[Corrected 6/15/13, 11:45 pm. See below.] It seemed to be a week of positive news for San Diego’s life sciences community. We have the details wrapped up here.
—CalBio 2013 convened at the San Diego Convention Center yesterday with an opening keynote talk by J. Craig Venter, the human genome pioneer and founding CEO of San Diego’s Synthetic Genomics. In response to a question about the U.S. Supreme Court’s unanimous decision to prohibit patents on naturally occurring genes, Venter said, “It sort of reaffirms what all of us thought was the situation, which is that naturally occurring DNA, natural human genome sequences, natural genes, are not patentable material.” Venter called the ruling, which says synthetically created DNA strands are patent-eligible, “a very positive position for the biotech industry.” The conference ends today.
—San Diego’s Arena Pharmaceuticals (NASDAQ: ARNA) began marketing lorcaserin hydrochloride (the long-awaited weight-loss drug known as Belviq) this week, with the help of Japanese pharmaceutical company Eisai. Arena submitted its new drug application for the compound in 2009. Arena said it has received $65 million in milestone payments from Eisai and is eligible to get almost $1.2 billion in purchase price adjustments and other payments based on annual net sales of the drug. Eisai has estimated that Belviq sales could amount to $150 million over the next six months.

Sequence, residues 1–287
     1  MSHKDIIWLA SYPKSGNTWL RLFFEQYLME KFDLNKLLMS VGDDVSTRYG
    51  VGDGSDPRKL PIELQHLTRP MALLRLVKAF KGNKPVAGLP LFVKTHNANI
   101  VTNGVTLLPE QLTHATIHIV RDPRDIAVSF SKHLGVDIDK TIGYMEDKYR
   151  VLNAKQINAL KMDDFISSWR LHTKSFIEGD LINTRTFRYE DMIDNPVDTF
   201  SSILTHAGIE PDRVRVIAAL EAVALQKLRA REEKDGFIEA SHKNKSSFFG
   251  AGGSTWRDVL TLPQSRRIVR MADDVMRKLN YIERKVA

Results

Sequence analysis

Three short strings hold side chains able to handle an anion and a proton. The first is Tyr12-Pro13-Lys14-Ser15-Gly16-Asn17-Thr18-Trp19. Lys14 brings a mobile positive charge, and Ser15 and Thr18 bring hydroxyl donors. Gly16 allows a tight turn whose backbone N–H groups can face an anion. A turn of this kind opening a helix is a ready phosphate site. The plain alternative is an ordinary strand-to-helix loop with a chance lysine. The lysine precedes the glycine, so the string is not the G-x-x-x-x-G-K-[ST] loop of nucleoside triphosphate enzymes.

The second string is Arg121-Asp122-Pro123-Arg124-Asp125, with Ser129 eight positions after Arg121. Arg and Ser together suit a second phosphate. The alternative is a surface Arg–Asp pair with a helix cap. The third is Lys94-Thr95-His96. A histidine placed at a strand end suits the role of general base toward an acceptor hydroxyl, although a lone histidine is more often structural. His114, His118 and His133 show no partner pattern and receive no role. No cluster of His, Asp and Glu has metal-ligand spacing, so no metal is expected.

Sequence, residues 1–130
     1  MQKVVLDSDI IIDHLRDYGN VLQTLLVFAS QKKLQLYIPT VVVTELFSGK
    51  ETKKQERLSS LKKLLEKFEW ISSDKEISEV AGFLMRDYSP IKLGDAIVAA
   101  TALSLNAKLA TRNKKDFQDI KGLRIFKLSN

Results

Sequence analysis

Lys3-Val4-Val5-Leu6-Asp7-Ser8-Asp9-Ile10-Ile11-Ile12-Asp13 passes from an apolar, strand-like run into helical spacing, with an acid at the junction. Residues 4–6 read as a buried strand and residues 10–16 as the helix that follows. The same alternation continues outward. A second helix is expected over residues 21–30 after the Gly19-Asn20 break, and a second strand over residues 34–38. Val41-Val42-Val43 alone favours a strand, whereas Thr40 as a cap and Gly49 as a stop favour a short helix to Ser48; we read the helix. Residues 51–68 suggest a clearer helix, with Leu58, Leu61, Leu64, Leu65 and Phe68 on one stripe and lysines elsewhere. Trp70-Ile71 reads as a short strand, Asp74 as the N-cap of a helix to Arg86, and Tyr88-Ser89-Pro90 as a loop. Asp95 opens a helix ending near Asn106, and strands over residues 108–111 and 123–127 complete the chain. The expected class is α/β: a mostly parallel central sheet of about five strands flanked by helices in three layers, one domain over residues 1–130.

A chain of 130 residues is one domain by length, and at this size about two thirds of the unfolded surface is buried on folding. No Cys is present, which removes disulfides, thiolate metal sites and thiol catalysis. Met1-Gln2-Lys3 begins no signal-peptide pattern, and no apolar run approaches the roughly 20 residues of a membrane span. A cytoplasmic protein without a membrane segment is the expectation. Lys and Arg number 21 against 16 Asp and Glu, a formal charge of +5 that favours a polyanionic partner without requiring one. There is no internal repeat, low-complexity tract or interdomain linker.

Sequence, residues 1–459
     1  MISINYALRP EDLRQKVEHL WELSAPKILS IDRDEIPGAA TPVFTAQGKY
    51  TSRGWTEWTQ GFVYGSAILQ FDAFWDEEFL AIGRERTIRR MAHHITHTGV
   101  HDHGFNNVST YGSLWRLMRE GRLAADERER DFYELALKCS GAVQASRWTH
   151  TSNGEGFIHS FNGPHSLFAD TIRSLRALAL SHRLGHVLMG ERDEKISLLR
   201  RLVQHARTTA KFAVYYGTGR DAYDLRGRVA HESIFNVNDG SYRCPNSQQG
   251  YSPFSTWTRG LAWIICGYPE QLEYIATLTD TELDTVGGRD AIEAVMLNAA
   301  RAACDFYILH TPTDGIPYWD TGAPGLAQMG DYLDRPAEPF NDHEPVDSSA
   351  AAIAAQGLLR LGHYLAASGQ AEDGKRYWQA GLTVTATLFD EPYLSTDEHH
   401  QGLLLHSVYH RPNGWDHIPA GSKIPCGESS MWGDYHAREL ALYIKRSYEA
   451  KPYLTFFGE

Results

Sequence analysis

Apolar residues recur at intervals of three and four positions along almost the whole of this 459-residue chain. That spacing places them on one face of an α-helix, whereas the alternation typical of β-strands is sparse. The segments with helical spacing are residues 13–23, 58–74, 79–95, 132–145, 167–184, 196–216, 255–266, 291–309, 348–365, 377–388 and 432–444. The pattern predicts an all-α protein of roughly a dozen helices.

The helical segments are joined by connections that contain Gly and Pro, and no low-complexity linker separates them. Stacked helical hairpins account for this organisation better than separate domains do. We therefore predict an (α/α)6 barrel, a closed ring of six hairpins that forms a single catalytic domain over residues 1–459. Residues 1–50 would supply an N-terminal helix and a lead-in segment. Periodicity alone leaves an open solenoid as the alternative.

—[Corrects spelling of Tamar Howson] San Diego’s Organovo, which has been developing technology for a 3-D bioprinter, said a couple of recent changes on its board has made the company eligible to move from the over-the counter-market to a listing on the New York Stock Exchange or Nasdaq. The company named Tamar Howson, a well-known pharma business development executive, as a board member. Organovo also said that SternAegis Ventures CEO Adam Stern, who joined the board in early 2012, had resigned—leaving a majority of directors classified as independent.
—As a case study in frugality, San Diego’s Orphagen Pharmaceuticals has run counter to the conventional business model for a drug development startup. Instead of raising hundreds of millions of dollars to fund R&D for drugs that target orphan receptors, Orphagen has scraped by on federal grants and one crucial pharmaceutical partnership.